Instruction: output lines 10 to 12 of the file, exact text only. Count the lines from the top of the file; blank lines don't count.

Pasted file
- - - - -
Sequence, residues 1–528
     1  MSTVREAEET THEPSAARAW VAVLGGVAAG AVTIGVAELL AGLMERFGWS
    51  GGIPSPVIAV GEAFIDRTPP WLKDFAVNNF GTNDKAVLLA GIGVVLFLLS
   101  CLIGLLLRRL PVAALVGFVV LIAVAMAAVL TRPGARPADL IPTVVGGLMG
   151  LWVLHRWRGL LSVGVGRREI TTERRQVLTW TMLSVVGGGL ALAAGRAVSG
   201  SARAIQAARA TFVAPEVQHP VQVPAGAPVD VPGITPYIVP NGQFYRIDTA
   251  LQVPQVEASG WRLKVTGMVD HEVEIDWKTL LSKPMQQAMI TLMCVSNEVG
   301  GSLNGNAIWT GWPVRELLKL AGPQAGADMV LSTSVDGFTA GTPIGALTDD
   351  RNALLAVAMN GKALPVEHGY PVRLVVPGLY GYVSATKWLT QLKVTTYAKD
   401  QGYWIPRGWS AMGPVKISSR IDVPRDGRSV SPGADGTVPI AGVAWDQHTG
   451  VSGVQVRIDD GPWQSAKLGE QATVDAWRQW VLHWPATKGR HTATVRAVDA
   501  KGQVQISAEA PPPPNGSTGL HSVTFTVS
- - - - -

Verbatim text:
   401  QGYWIPRGWS AMGPVKISSR IDVPRDGRSV SPGADGTVPI AGVAWDQHTG
   451  VSGVQVRIDD GPWQSAKLGE QATVDAWRQW VLHWPATKGR HTATVRAVDA
   501  KGQVQISAEA PPPPNGSTGL HSVTFTVS